A ban on nearly all abortions in Texas during the coronavirus pandemic appears to be over, as clinics began offering the procedure again Wednesday and state lawyers ceded in a legal filing that there is no longer any "case or controversy."
The near-total ban has been the subject of weeks of litigation — starting in late March when Gov. Greg Abbott postponed all surgeries not “immediately medically necessary” to preserve medical resources for coronavirus patients. Attorney General Ken Paxton said the ban extended to abortions, and the politically conservative 5th U.S. Circuit Court of Appeals largely sided with state officials.
But a new order from Abbott that took effect Wednesday allows more procedures to resume in health care facilities that agree to reserve a certain number of beds for coronavirus patients and to refrain from seeking scarce protective equipment from public sources.
Abbott demurred when asked last week if abortions could proceed under his latest directive, saying it was a decision for the courts and “not part of this order.” But abortion providers said they meet the criteria he laid out — and the state did not dispute that in its filing Wednesday.
The clinics, lawyers for the state said, certified they met the requirements and have "received acknowledgement" from the Texas Health and Human Services Commission.
Whole Woman’s Health facilities in Fort Worth, Austin and McAllen were all open Wednesday, and president Amy Hagstrom Miller said Abbott’s latest directive “allows providers to resume both medication and procedural abortions.” The organization has had to cancel appointments for more than 200 patients in the month of April.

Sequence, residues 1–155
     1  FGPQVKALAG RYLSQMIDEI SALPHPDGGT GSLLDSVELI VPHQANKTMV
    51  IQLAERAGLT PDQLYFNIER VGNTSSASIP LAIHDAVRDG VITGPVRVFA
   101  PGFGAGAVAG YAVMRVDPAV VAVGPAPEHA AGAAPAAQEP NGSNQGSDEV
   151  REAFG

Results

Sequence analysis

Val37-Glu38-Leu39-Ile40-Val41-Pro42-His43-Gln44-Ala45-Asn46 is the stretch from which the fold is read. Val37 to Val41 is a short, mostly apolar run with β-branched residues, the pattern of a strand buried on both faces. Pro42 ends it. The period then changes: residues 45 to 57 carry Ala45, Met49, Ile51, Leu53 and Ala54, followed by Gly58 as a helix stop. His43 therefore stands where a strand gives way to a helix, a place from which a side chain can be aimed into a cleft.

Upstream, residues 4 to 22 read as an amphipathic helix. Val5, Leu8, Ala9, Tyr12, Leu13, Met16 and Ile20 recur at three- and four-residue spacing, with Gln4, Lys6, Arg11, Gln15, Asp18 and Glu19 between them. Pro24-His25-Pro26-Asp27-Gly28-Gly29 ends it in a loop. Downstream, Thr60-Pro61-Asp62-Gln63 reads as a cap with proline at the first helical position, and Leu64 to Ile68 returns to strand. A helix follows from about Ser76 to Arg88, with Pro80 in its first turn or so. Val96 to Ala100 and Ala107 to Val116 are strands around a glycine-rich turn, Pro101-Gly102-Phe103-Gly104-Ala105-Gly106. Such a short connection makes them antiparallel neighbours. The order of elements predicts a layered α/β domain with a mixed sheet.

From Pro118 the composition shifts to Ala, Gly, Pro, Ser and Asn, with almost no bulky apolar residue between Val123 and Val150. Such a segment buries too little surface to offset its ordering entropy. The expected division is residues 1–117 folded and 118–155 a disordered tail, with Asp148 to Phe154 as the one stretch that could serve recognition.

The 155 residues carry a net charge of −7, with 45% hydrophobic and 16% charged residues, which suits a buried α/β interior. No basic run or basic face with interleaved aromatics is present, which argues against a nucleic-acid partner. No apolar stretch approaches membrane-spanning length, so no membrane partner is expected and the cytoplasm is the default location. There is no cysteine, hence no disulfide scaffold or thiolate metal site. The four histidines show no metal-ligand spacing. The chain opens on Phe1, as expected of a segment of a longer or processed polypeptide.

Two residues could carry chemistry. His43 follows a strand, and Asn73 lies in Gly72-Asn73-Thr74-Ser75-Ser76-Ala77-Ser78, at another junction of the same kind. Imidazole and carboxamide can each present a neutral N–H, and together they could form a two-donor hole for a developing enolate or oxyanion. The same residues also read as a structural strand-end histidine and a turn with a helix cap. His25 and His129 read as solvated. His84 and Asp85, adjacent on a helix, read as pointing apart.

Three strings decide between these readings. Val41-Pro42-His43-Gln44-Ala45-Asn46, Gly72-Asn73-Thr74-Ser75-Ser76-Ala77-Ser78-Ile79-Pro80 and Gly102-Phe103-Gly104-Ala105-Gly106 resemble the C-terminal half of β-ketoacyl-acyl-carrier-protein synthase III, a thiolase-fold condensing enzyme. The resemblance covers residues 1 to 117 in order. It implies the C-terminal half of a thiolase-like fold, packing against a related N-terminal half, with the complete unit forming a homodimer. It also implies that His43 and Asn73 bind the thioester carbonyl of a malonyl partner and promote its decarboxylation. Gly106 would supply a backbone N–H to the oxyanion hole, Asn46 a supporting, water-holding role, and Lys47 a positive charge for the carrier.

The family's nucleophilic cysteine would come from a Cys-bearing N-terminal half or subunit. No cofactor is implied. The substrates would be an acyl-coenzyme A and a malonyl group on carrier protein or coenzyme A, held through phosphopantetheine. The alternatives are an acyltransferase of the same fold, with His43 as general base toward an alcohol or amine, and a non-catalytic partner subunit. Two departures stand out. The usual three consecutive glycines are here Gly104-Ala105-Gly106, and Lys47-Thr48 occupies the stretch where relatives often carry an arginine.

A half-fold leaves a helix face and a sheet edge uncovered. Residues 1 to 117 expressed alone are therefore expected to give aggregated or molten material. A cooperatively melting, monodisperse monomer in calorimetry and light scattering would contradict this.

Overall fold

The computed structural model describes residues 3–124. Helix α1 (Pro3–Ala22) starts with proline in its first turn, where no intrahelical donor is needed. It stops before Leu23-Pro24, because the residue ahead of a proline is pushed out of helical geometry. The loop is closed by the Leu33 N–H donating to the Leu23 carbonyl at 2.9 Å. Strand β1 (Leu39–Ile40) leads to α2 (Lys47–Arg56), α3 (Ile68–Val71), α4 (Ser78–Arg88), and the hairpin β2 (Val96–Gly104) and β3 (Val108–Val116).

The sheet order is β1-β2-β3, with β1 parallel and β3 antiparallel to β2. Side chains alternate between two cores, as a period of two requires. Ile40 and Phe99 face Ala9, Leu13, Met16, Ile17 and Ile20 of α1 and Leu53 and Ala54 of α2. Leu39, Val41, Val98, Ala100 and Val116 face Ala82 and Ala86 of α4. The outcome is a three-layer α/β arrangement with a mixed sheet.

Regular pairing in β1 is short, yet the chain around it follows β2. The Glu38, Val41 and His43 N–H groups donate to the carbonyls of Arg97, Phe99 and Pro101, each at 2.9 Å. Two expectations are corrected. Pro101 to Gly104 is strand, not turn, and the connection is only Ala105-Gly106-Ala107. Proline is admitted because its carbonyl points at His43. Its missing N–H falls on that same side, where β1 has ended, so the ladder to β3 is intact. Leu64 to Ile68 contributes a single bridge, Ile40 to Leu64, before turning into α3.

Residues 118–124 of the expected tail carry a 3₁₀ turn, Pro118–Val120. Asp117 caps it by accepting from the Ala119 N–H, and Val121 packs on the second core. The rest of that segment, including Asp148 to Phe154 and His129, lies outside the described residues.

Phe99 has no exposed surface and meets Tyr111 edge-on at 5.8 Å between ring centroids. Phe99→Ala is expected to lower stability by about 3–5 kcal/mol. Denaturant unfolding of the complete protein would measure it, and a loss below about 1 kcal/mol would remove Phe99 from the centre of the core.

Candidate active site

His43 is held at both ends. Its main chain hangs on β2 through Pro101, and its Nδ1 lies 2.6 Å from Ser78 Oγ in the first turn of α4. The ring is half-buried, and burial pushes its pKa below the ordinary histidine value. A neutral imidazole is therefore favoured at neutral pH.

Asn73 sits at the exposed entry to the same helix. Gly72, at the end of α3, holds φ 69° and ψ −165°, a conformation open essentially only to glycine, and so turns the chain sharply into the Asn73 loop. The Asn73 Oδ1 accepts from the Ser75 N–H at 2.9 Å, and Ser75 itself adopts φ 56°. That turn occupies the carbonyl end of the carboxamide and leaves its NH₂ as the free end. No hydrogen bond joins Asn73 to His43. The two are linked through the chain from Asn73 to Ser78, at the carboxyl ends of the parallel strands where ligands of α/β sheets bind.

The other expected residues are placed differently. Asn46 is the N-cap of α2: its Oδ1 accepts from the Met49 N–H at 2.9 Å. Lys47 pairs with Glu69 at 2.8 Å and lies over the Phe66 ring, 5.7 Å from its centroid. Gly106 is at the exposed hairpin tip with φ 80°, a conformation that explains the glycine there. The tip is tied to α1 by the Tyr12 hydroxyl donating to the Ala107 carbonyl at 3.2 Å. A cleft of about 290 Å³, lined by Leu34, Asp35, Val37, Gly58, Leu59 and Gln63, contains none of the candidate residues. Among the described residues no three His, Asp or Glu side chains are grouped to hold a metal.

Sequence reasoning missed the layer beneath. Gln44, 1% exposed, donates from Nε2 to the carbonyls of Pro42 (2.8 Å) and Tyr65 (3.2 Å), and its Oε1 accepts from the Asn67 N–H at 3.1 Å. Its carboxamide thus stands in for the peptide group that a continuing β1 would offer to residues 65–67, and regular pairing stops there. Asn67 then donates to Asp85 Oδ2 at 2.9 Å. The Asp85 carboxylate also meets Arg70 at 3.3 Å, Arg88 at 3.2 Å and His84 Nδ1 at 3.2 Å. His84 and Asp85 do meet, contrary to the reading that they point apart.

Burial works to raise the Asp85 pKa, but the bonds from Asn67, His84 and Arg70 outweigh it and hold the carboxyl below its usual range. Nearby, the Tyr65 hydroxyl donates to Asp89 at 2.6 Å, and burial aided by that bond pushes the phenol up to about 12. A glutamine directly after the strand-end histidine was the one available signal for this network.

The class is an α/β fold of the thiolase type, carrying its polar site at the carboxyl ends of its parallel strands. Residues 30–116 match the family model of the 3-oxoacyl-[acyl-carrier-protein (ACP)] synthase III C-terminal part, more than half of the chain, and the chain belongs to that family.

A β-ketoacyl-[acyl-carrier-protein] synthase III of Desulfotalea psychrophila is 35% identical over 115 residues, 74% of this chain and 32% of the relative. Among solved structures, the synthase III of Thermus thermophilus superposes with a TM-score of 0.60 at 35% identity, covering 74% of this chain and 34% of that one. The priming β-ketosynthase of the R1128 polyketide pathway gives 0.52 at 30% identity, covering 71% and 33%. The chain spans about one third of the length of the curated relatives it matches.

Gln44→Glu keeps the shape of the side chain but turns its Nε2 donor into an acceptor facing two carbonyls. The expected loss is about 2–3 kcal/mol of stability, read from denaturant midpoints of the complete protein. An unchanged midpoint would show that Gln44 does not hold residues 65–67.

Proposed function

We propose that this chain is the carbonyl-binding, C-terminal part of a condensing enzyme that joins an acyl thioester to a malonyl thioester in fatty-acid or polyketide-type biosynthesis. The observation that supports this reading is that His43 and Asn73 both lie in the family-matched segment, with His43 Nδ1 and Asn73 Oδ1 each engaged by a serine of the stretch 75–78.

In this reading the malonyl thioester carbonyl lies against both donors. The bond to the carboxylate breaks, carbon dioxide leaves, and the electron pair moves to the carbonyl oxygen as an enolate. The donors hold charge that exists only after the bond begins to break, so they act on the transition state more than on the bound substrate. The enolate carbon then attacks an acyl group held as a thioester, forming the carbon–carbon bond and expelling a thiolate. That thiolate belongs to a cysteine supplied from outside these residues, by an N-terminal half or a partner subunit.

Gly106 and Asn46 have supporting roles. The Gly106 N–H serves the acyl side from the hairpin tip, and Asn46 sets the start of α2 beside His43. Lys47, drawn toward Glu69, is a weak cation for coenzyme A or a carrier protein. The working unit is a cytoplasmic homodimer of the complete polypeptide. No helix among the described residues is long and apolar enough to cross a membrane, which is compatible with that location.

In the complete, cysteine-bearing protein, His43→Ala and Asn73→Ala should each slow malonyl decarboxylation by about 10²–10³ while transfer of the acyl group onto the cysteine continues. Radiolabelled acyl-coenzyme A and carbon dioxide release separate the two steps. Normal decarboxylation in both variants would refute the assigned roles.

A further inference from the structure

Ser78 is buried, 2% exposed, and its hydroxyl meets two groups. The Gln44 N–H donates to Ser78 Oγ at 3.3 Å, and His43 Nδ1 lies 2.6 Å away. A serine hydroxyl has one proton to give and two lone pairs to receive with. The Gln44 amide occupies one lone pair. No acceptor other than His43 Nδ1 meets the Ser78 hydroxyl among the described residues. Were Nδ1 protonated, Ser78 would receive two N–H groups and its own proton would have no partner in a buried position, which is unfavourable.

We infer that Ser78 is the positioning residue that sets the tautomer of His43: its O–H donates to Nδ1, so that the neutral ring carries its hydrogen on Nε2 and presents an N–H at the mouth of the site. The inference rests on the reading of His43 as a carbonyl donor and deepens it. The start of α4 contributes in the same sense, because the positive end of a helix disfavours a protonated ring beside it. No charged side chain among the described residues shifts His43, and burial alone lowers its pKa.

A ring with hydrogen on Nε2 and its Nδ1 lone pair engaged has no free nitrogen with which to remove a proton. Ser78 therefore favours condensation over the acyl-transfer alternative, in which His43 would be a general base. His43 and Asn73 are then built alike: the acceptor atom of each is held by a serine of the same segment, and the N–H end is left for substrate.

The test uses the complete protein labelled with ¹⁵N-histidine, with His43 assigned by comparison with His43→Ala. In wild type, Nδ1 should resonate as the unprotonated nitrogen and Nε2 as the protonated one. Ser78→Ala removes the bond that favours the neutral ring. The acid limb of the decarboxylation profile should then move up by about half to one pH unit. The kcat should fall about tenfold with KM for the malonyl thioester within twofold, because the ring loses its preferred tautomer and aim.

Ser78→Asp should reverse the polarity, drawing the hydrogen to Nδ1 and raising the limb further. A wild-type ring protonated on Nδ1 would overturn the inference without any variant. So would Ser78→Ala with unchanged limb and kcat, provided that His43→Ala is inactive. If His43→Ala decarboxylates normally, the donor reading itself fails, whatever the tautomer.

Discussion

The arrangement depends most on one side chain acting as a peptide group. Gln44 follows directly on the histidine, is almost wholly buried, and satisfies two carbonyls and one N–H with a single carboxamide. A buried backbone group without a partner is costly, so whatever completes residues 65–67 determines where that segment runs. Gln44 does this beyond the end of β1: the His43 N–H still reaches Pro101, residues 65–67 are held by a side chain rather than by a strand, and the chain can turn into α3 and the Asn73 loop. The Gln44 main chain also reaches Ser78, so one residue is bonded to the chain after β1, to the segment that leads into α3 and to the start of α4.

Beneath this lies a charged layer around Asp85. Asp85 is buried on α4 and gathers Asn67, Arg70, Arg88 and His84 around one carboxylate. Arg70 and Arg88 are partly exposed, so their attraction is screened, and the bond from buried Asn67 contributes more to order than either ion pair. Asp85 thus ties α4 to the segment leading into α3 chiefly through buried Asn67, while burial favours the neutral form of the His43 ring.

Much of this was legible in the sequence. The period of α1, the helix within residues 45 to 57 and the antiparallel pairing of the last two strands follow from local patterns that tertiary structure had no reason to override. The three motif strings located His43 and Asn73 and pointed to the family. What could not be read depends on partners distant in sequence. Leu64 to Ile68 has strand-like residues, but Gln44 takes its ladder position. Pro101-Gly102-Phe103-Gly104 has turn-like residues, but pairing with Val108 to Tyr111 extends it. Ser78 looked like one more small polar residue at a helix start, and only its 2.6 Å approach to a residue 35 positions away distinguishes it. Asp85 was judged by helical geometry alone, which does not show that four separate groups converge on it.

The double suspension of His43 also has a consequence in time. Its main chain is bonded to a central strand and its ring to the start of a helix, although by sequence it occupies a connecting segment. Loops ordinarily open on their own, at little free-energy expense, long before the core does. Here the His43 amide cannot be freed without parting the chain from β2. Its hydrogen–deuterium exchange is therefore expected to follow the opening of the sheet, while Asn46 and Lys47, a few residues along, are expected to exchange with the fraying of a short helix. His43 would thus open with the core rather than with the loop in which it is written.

Dyana Limon-Mercado, executive director of Planned Parenthood Texas Votes, the advocacy arm for Planned Parenthood affiliates in Texas, said the “past month has been an unthinkable nightmare for Texans who have been forced to travel out of state just to access essential health care, if they’re able to access care at all.”
A spokesperson for the attorney general's office, Kayleigh Date, said Abbott's second order applies to all licensed health care professionals and facilities, and that failure to comply can trigger a fine of up to $1,000 and jail time.
Paxton’s office said Monday — after the appeals court handed a win to the state — that the ruling recognized that “states have the authority to take action during public health emergencies."
Abortion providers and members of the medical community have said the near-total ban on abortion in Texas lacked "a valid medical justification.”
State law requires women to wait 24 hours before receiving an abortion.
Disclosure: Planned Parenthood has been a financial supporter of The Texas Tribune, a nonprofit, nonpartisan news organization that is funded in part by donations from members, foundations and corporate sponsors. Financial supporters play no role in the Tribune's journalism. Find a complete list of them here.